Inspired by Nature
16th November 22 - By Nikolai Kotlarczyk, Creative Projects ManagerArtist Portraits
Get to know our artists in this series of studio visits and artist interviews. In this episode, say hello to Berenice Hernandez, a Mexican artist from Monterrey as she is interviewed by our creative projects and curation manager Nikolai Kotlarczyk.
Inspiration always comes to me from the shapes of nature. I like to observe the arrangement of the leaves on a branch and I am amazed by the way in which they are creating an organized and at the same time chaotic structure.
Interview with Berenice Hernandez, Monterrey MX. 2022.
To shop Berenice's art prints jump to this page here.
The work of Berenice Hernandez stands on its own. Colourful and graphic, her portfolio of work takes inspiration from a childhood spent in the vibrancy of Mexico City, and a career in art direction and graphic design. These two worlds come together to produce a growing collection of motifs combining the hand and digital techniques.
Situated between the mountains and the desert of Mexico’s north, Hernandez’ studio sits within the bustling industrial city of Monterrey. Being situated so close to the American border, Monterrey is a true mix of Mexican and American influences. Rather than directing her work into a diluted interpretation of both cultures, a sense of nostalgia has crept into Hernandez’ work – an almost longing for the colour and vibrancy of her childhood in the Mexican capital and the countries south.
You are the first artist from Mexico to join our collection. How does your homeland influence your work, do you see something particularly Mexican within it?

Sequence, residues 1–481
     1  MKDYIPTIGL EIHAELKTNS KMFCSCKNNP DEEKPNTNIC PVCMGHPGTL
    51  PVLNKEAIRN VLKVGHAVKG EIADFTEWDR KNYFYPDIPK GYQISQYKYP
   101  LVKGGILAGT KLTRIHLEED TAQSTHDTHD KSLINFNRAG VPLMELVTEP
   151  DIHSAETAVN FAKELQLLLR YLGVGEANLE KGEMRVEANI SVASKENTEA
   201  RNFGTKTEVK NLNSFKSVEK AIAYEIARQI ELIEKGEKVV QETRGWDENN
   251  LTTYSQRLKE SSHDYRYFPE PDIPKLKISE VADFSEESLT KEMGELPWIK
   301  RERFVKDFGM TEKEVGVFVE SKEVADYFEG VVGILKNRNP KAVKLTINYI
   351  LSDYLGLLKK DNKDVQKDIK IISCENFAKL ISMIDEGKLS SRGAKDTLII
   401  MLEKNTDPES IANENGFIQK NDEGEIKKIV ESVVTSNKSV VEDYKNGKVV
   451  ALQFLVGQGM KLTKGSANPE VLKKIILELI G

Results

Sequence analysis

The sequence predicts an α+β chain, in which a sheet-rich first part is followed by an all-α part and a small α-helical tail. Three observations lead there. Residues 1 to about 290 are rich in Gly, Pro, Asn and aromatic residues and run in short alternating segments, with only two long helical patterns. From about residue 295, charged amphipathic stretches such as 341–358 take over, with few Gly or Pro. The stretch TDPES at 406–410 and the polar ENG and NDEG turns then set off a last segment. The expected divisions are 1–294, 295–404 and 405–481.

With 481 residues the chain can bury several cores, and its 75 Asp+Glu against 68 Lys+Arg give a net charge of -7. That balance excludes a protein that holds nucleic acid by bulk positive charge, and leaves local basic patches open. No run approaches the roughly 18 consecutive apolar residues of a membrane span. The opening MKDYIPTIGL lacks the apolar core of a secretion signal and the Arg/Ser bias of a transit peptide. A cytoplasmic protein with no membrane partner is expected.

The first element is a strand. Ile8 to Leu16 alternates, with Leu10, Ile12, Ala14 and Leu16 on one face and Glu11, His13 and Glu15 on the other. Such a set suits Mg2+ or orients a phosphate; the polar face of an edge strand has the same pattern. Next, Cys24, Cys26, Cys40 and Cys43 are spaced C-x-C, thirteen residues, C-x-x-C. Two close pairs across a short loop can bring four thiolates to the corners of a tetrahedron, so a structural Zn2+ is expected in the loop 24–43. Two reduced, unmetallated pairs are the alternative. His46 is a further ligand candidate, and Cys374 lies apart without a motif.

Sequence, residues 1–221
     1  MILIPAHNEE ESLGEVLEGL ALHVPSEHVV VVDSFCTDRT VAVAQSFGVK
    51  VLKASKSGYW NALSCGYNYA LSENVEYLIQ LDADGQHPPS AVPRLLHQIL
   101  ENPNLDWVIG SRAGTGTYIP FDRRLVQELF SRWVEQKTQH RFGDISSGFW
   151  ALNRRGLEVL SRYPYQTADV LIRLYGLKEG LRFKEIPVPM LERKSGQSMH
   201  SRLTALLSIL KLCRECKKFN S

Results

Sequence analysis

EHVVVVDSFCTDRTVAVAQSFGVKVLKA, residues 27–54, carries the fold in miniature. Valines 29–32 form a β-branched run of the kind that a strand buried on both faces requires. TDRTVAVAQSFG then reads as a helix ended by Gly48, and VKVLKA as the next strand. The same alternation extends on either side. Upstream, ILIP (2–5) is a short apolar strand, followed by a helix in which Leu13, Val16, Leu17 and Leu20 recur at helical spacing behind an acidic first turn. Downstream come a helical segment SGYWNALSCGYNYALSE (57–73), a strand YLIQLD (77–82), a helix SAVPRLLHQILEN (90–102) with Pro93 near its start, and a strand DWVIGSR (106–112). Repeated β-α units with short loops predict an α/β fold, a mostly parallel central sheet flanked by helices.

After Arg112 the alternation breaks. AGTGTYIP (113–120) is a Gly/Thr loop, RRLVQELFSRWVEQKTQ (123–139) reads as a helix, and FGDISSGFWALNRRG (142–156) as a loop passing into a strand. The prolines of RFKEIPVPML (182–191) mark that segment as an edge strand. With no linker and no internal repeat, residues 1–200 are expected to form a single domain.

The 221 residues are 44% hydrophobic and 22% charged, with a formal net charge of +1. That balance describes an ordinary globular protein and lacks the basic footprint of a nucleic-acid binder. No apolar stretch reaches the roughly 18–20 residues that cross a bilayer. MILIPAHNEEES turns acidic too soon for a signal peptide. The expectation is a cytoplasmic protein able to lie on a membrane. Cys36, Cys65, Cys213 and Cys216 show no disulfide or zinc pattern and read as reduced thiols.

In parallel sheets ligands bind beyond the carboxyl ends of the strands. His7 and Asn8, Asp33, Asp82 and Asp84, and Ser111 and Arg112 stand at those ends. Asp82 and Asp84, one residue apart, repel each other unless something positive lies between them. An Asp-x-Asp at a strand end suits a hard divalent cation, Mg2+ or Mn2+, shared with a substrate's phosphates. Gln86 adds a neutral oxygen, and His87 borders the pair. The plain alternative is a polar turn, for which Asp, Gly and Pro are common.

When I started painting, it was important for me to connect with my roots and with the Mexico that I lived when I was a child. I currently live in Monterrey, an industrial city with a strong influence of American culture. So it was important for me to create a kind of refuge where I could reinterpret the shapes, textures and colors that I absorbed in my experiences in the center and south of my country when I was young. The little houses in the countryside, the old colonial buildings, the exuberant vegetation, the colors and textures of the fruits.All these shapes and textures are part of my visual imagination and I constantly use them to take and reinterpret them.
Colour is obviously a big part of your first collection. Can you tell me a little about your use of colour for the collection?
There is a lot of experimentation behind the colors obtained. My intention was to create a harmonious contrast in each piece. That is why I chose very vibrant colors in contrast to some more neutral ones such as brown, beige or terracotta.
Can you please tell me a little bit about your studio’s process? I know you like to experiment with new techniques and materials when creating your compositions.
One of the phrases that I learned in my communication career is "The medium is the message" which I fully apply when deciding the reproduction format of an image. This premise is what has led me to experiment with different techniques and formats such as linoleum engraving, plasticity on canvas and even to reproduce pieces in handmade wool textiles.
Please tell me a bit about your new collection for Paper Collective? Where did the inspiration come from and how did you produce the latest pieces?
Inspiration always comes to me from the shapes of nature. For example, I like to observe the arrangement of the leaves on a branch and I am amazed by the way in which they are creating an organized and at the same time chaotic structure.
The process involves a lot of sketching; At first on paper and pencil to define the draw,then in digital I test the color palette and finally decide the support on which the pieces will look best.